IAX2/Asterisk + Openmoko FreeRunner
admteamkruz at gmail.com
Sun May 18 17:18:10 CEST 2008
On May 18, 2008, at 3:45 AM, Stroller <linux.luser at myrealbox.com> wrote:
> On 17 May 2008, at 18:16, Doug Hawkins wrote:
>> There are a few "hassles" with the Nokia software that I'm looking
>> forward to making sure are "clean" with the OpenMoko system when I
>> get to start playing on one. One is that on some "free" (airport &
>> community) WiFi systems, you have to open a web page and "accept"
>> the terms and conditions before it will allow any traffic (VoIP or
>> otherwise), so I'd like to make a routine that will run a config
>> script to accept the "terms" based on the network I'm connecting
>> with (e.g.: look up ESSID in a database to find out that a certain
>> webpage's button needs to be 'clicked' and perform that task). The
>> other is to optionally connect to any open WiFi networks as I pass
>> through them (ESSID scanning & connect attempts through open AP's).
> I'm not sure that this should be handled by the VoIP software.
> Although I'd like VoIP on my Freerunner, a greater priority for me
> is that the IMAP client should automatically check for new messages.
> On my present mobile (Sony Ericson P990i) one has to open the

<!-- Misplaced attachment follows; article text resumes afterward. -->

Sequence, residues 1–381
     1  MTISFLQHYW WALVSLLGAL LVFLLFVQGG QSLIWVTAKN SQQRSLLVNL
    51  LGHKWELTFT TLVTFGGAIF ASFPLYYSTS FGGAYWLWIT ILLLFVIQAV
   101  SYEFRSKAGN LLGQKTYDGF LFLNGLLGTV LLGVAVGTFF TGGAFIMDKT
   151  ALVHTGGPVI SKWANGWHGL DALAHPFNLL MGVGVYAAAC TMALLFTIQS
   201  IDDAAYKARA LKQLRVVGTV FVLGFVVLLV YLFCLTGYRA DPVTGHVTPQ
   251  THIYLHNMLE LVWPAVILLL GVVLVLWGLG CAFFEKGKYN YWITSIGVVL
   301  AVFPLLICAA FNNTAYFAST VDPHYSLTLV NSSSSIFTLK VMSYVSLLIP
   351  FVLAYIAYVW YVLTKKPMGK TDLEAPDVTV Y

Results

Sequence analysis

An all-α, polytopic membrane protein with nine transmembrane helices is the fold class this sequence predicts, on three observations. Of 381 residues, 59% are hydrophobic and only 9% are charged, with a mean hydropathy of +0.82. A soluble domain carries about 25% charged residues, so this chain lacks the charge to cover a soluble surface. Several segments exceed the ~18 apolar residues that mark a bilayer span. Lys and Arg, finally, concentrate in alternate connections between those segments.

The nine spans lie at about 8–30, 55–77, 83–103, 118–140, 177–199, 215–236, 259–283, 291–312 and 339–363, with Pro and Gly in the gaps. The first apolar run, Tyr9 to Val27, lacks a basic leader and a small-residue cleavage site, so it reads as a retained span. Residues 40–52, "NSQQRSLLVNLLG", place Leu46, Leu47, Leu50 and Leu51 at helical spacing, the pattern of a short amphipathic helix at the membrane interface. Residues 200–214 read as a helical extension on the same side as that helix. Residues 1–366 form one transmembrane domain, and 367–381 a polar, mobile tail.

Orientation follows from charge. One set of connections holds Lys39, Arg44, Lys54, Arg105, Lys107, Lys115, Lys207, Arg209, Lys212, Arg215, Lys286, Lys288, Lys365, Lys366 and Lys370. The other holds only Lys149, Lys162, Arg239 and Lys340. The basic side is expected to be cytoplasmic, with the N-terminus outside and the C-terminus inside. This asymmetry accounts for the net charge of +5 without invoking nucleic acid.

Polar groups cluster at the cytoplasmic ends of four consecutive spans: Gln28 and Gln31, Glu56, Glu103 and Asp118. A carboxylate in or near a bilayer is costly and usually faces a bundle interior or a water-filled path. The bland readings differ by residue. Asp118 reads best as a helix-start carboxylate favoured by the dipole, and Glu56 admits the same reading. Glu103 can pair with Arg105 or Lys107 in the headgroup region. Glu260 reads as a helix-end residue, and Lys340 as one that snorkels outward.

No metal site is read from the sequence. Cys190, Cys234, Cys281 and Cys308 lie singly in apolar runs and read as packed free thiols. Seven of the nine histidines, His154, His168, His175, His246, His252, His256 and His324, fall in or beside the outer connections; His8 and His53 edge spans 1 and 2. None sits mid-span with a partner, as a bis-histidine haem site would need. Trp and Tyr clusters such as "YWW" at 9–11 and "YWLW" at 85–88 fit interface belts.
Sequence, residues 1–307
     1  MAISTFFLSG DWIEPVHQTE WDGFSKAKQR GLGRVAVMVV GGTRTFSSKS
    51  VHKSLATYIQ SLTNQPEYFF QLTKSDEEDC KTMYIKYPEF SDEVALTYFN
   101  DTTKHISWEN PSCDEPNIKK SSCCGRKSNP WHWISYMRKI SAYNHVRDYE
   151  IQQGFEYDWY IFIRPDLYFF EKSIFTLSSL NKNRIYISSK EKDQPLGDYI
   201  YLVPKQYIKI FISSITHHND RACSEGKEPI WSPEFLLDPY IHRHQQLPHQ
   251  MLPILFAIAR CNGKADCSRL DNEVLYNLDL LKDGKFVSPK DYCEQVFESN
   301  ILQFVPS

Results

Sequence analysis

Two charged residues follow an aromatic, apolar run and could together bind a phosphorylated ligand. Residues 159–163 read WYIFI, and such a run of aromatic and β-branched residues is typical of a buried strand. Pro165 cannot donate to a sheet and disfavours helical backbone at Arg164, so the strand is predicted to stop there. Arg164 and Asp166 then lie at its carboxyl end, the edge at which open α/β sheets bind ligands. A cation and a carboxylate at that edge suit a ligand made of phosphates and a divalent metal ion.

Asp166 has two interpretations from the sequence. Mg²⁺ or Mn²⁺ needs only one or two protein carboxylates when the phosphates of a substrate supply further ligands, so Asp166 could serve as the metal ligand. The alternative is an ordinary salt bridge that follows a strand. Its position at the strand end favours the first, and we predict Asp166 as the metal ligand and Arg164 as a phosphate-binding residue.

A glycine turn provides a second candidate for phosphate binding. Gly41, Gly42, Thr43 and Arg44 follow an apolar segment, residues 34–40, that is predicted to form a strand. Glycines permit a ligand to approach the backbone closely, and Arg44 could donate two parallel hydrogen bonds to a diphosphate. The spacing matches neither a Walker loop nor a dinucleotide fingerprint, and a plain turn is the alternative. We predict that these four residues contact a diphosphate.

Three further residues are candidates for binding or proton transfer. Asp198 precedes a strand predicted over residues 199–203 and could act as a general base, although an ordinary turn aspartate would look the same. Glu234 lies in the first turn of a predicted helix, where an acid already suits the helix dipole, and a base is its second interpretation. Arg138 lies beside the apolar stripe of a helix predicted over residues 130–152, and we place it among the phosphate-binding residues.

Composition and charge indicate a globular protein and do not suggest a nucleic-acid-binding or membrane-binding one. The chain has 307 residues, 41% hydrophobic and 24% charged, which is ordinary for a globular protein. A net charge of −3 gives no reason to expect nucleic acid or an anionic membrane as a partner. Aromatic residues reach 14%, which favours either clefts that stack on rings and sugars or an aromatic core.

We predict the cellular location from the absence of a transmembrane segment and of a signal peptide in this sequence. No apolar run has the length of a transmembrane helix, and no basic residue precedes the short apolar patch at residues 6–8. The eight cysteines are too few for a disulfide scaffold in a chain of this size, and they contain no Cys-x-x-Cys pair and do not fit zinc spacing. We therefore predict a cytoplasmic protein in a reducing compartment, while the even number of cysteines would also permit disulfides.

> messaging program, select the IMAP account and then "select send &
> receive" from a drop-down menu. That this is so fiddly simply means
> that I never do it, and if I must check for an important new message
> when away from home then the client has to sync through weeks of new
> messages in my inbox (yes, I should keep it more tidy!) before
> downloading today's messages.
> I had envisioned writing a Bash script to run in cron every few
> minutes: to switch on wifi, scan for networks and connect to any on
> an "allowed" list; a background IMAP send-and-receive can then be
> performed if a working wifi connection is found. If we are to have
> multiple applications checking for wifi availability then I guess
> that should be done in one place?
Maybe a bash script isn't the best idea, but could be a start. I
envisioned a simple C program to just hook to the driver, or look at
other code that does active scanning (net stumbler style), then firing
off a dbus message when status changes.
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